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Resuscitation. 2012 Oct;83(10):1281-6. doi: 10.1016/j.resuscitation.2012.07.016. Epub 2012 Jul 22.

Transthoracic impedance for the monitoring of quality of manual chest compression during cardiopulmonary resuscitation.

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  • 1Institute of Surgery Research, Daping Hospital, Third Military Medical University, Chongqing, China.



The quality of cardiopulmonary resuscitation (CPR), especially adequate compression depth, is associated with return of spontaneous circulation (ROSC) and is therefore recommended to be measured routinely. In the current study, we investigated the relationship between changes of transthoracic impedance (TTI) measured through the defibrillation electrodes, chest compression depth and coronary perfusion pressure (CPP) in a porcine model of cardiac arrest.


In 14 male pigs weighing between 28 and 34 kg, ventricular fibrillation (VF) was electrically induced and untreated for 6 min. Animals were randomized to either optimal or suboptimal chest compression group. Optimal depth of manual compression in 7 pigs was defined as a decrease of 25% (50 mm) in anterior posterior diameter of the chest, while suboptimal compression was defined as 70% of the optimal depth (35 mm). After 2 min of chest compression, defibrillation was attempted with a 120-J rectilinear biphasic shock.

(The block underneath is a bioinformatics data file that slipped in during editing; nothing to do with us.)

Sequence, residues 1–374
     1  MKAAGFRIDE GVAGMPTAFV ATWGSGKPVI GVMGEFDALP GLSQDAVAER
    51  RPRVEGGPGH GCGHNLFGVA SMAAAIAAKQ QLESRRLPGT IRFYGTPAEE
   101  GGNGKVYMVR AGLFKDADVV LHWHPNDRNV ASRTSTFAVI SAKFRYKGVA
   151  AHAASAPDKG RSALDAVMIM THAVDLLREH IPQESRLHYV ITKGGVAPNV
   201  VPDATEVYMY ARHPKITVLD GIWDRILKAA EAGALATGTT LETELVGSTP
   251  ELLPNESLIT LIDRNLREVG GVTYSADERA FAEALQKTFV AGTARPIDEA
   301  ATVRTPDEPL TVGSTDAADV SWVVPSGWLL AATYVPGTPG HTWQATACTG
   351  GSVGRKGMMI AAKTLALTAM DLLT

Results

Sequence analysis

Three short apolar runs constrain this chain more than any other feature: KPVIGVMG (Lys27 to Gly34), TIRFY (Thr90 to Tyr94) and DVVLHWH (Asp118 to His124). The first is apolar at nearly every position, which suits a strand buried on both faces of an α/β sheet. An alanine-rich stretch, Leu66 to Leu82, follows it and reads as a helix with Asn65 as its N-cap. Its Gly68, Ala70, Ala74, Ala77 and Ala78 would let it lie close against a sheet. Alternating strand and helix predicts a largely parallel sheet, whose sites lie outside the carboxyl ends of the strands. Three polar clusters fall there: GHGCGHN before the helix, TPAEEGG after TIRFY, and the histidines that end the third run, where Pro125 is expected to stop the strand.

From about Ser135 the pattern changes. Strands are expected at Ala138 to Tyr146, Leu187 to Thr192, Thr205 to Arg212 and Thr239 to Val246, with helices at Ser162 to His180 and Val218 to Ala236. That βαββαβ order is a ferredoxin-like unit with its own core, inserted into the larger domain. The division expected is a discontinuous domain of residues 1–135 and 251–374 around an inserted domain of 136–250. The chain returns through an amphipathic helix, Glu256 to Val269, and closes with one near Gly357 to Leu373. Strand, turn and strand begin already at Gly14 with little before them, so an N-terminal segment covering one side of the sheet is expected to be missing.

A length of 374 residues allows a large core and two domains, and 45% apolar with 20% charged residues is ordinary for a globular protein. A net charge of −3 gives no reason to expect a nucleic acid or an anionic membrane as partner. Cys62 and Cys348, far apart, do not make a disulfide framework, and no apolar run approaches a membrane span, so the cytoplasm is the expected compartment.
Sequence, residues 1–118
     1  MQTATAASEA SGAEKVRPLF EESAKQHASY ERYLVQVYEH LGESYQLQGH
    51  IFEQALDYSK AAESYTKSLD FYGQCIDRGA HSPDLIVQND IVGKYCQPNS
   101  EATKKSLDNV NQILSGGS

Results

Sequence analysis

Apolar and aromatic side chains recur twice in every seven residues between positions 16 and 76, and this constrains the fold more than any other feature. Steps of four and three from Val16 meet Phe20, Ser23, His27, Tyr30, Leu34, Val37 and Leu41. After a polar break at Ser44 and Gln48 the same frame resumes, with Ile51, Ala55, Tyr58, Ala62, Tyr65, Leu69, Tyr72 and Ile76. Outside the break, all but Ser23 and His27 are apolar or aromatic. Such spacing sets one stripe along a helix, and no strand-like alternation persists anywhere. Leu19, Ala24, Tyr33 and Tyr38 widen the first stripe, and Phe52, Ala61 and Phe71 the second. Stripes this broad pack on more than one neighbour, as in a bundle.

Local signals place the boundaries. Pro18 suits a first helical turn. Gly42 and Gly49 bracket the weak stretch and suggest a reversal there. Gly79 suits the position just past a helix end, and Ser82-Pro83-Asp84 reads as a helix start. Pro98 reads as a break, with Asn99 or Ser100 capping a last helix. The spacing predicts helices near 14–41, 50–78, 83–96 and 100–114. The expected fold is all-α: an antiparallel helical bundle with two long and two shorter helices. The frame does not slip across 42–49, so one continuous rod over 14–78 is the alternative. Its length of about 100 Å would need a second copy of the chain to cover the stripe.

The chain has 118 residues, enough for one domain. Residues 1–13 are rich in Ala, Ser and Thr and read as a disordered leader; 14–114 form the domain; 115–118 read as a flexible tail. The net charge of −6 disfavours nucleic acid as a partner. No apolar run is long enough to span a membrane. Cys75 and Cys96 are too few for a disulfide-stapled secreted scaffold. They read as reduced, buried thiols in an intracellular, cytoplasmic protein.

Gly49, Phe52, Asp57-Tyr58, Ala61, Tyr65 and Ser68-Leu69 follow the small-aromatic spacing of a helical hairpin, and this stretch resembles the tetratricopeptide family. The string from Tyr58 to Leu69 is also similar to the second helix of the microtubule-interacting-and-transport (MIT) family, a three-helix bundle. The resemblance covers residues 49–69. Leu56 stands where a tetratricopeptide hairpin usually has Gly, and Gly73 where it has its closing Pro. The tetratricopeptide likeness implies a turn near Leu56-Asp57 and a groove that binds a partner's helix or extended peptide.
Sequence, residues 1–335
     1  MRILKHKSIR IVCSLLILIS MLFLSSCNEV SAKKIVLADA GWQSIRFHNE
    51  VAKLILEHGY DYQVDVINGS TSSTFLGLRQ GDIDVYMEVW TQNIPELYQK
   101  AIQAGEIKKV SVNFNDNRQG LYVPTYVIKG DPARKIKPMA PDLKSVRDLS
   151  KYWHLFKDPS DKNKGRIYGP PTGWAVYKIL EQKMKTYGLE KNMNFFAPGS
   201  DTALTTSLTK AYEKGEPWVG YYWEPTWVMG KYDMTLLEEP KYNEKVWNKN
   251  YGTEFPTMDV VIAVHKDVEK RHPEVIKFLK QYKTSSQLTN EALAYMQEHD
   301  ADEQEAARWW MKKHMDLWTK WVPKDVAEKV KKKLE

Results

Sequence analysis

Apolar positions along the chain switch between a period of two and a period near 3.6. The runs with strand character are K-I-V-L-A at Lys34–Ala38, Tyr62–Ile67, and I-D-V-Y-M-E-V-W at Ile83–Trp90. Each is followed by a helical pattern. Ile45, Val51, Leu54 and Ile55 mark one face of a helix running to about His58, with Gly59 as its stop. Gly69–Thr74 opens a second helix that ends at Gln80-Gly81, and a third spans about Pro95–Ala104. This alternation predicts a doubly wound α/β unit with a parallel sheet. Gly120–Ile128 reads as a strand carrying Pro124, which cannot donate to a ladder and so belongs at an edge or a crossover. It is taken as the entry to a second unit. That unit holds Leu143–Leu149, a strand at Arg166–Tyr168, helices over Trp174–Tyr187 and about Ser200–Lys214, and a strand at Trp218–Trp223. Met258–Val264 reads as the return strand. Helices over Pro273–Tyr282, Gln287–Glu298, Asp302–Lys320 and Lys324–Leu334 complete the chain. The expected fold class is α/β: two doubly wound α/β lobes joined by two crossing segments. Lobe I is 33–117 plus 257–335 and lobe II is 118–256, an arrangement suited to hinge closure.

There were no differences in baseline measurements between groups. All animals had ROSC after optimal compressions; this contrasted with suboptimal compressions, after which only 2 of the animals had ROSC (100% vs. 28.57%, p=0.021). The correlation coefficient was 0.89 between TTI amplitude and compression depth (p<0.001), 0.83 between TTI amplitude and CPP (p<0.001).


Amplitude change of TTI was correlated with compression depth and CPP in this porcine model of cardiac arrest. The TTI measured from defibrillator electrodes, therefore has the potential to serve as an indicator to monitor the quality of chest compression and estimate CPP during CPR.

Copyright © 2012 Elsevier Ireland Ltd. All rights reserved.

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